This case was referred from the High Court R (on the application of McCarthy and ors.) v the Secretary of State for the Home Department  EWHC 3368 (Admin), and considered the applicability of Directive 2004/38 to situations not traditionally falling within the concept of a Union citizen moving to another Member State, and derivative rights for third-country family members.
The O and B decision of the CJEU had addressed some issues in relation to the rights of TCN family members of EU citizens residing in their home Member State, and this case sought to address the issue of what can be required of third-country national family members of EU citizens entering the UK.
Mr McCarthy is a dual UK/Irish national, his wife is a Colombian national, and their daughter is also a dual UK/Irish national. Mr McCarthy has lived in Ireland for 52 years, only residing in the UK for six years, from 1967 – 1973. The family has lived in Marbella, Spain since May 2010 where they own a property; they also own a house in the UK, to which they regularly travel. Mrs McCarthy has to travel to Madrid to renew her family permit every time she wishes to travel to the UK with her family. She has been refused permission to board flights to the UK when she has presented her residence card without the family permit.
The Secretary of State for the Home Department issued guidance to carriers to discourage them from transporting TCNs who are not in possession of a residence permit issued by the UK authorities. Under section 40 of the Immigration and Asylum Act 1999, a carrier who fails to meet that requirement is required to pay a ‘charge’.
The Advocate General’s Opinion
AG Szpunar gave his Opinion on 20th May 2014, and argued that the provisions of Directive 2004/38 should apply by analogy to the current situation, which involved visits to the UK, where Mr McCarthy is a national, rather than to a Member State of which he was not a national. The Advocate General advised the Grand Chamber that the UK is in breach of free movement law in relation to the requirement of the family visa In addition to residence card, and that the UK’s Frontier Protocol did not give it an opt out in relation to restricting fundamental free movement principles.
The Court’s Judgment
The CJEU gave its decision on 18th December 2014, and agreed with the Advocate General that the UK could not require entry permits in addition to residence cards validly issued by other Member States to EU family members.
The Court recognised that the referring court found that the Secretary of State’s concerns regarding a ‘systemic’ abuse of rights appeared to be justified as these were ripe for exploitation. It considered the interpretation of Article 35 of Directive 2004/38 on abuse of rights and emphasised that the provisions of the Directive cannot be interpreted restrictively and must not be deprived of their effectiveness.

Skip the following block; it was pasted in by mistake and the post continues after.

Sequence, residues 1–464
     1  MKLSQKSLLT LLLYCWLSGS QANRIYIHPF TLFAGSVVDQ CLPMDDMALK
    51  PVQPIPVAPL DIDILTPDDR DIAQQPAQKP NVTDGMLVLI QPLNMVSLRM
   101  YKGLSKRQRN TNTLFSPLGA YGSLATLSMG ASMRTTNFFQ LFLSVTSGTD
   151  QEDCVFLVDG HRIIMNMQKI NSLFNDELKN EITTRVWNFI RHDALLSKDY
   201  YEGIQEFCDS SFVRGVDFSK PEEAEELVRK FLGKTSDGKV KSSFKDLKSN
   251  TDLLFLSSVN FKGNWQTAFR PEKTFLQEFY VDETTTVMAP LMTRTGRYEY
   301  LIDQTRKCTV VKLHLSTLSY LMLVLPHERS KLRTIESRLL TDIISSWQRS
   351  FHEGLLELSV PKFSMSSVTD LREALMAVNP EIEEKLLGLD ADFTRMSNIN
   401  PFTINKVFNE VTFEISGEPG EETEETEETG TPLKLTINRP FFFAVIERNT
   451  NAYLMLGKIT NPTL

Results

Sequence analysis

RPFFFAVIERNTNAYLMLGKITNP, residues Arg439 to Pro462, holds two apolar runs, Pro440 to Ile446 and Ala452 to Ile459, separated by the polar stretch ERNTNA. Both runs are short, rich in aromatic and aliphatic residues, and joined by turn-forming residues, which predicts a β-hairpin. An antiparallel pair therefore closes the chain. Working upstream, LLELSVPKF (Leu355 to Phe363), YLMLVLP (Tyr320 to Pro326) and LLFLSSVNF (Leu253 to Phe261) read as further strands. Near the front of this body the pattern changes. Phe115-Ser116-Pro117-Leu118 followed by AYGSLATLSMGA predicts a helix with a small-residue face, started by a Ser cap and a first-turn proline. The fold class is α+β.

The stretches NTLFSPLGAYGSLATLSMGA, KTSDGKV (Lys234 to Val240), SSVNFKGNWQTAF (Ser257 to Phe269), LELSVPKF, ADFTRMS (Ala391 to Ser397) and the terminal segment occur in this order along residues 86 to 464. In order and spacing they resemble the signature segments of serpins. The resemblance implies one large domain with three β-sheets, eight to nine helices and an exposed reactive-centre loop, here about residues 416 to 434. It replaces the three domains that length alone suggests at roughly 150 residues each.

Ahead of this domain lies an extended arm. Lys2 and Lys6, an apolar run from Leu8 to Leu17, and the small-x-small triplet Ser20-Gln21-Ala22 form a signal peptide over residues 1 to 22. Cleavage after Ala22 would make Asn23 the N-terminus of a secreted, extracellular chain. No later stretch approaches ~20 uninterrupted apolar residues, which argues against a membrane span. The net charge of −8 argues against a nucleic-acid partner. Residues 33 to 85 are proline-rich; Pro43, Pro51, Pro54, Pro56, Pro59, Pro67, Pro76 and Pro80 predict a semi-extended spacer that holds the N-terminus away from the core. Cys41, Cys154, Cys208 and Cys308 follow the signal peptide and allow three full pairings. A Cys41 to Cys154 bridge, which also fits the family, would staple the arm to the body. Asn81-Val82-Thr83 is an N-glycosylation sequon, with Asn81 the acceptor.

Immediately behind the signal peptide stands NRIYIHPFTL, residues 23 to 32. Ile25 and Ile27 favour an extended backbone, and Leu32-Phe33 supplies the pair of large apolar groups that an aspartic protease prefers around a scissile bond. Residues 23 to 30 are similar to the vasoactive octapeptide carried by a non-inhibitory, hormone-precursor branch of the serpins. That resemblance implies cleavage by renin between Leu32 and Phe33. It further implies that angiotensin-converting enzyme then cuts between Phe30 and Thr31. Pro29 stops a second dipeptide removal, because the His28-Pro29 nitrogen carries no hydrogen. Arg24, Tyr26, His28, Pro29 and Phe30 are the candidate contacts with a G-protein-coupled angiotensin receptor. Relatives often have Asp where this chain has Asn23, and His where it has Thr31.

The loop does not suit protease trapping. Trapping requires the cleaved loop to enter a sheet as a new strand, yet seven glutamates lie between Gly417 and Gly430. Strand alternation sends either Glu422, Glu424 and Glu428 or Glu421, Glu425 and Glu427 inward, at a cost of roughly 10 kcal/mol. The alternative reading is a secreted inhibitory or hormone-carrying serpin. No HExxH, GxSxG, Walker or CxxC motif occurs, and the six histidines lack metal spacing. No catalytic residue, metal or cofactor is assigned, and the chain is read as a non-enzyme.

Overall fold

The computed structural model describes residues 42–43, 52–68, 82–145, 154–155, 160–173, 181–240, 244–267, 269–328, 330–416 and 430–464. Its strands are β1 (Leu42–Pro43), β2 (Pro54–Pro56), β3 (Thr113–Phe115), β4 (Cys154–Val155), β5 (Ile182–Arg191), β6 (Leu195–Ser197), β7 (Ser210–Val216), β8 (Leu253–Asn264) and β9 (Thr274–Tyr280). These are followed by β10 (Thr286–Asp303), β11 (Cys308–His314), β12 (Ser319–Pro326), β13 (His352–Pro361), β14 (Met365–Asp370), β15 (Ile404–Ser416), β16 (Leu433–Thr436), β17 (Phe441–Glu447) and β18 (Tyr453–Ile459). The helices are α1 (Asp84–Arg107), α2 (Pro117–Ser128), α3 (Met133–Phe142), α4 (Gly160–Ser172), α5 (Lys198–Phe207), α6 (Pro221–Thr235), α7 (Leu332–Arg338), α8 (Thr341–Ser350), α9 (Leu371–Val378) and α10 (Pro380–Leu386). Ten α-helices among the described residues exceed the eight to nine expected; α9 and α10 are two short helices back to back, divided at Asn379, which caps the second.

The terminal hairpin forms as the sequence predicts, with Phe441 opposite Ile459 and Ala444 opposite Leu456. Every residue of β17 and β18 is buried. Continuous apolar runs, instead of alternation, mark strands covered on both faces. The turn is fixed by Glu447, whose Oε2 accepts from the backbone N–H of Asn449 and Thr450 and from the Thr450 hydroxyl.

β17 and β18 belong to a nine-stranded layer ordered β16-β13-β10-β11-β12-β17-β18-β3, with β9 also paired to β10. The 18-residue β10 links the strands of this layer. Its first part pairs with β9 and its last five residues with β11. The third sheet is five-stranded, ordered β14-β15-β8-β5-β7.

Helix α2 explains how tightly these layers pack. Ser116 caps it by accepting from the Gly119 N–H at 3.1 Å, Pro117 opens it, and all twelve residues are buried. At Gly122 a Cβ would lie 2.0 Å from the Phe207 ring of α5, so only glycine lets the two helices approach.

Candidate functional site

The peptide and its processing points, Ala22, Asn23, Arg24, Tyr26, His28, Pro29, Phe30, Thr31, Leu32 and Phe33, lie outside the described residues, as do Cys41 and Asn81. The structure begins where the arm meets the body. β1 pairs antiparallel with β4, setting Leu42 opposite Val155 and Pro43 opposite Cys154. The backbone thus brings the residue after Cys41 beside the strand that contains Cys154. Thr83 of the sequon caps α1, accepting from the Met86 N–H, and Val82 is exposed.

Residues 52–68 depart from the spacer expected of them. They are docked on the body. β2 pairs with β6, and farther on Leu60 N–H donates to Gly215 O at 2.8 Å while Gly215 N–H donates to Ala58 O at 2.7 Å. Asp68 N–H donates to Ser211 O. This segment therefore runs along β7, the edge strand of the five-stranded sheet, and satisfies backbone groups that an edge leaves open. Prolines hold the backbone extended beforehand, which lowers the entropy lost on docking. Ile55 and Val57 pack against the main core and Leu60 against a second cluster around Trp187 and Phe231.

The CJEU found that Directive 2004/38’s provisions can apply to entry into the home state of a Union citizen: (para 41) “Article 5 of Directive 2004/38 refers to ‘Member States’ and does not draw a distinction on the basis of the Member State of entry, in particular in so far as it provides that possession of a valid residence card as referred to in Article 10 of the directive is to exempt family members of a Union citizen who are not nationals of a Member State from the requirement to obtain an entry visa. Thus, there is nothing at all in Article 5 indicating that the right of entry of family members of the Union citizen who are not nationals of a Member State is limited to Member States other than the Member State of origin of the Union citizen.”
The United Kingdom’s attempts to restrict the entry of family members was not allowed, and this decision was to be anticipated. The CJEU continued its traditional approach of not interpreting the Citizens’ Directive in a restrictive manner, recognising that the rights granted to Union citizens and their family members may only be restricted in accordance with Articles 27 and 35 of the Directive. The Court supported the right of TCN family members to move and travel with Union citizens in its decision, even where those citizens were travelling to the home state of their spouse. The Court did not find that there was any good reason for the Directive not to apply.
In relation to the ‘systemic’ abuse found by the Secretary of State, as the UK’s policy excluded any specific assessment of the individual family members, the CJEU found that the policy went too far, in not basing the withdrawal of a right conferred by EU law on the basis of an individual examination of the particular case. A Member State must recognise a residence card for the purposes of entry into their territory, without a visa, unless there is doubt case on the authenticity of that particular residence card or on the correctness of data shown on it and that this justifies a conclusion that there is an abuse of rights or fraud. Article 1 of Protocol No 20 did not enable the UK to apply the blanket approach – here the visa had to be applied for in advance of any consideration of entry verification.
The automatic and restrictive nature of the requirement for family members to obtain a visa meant that the Court was highly unlikely to find that the UK could restrict the fundamental right of free movement, and the McCarthy’s win reaffirms this longstanding approach.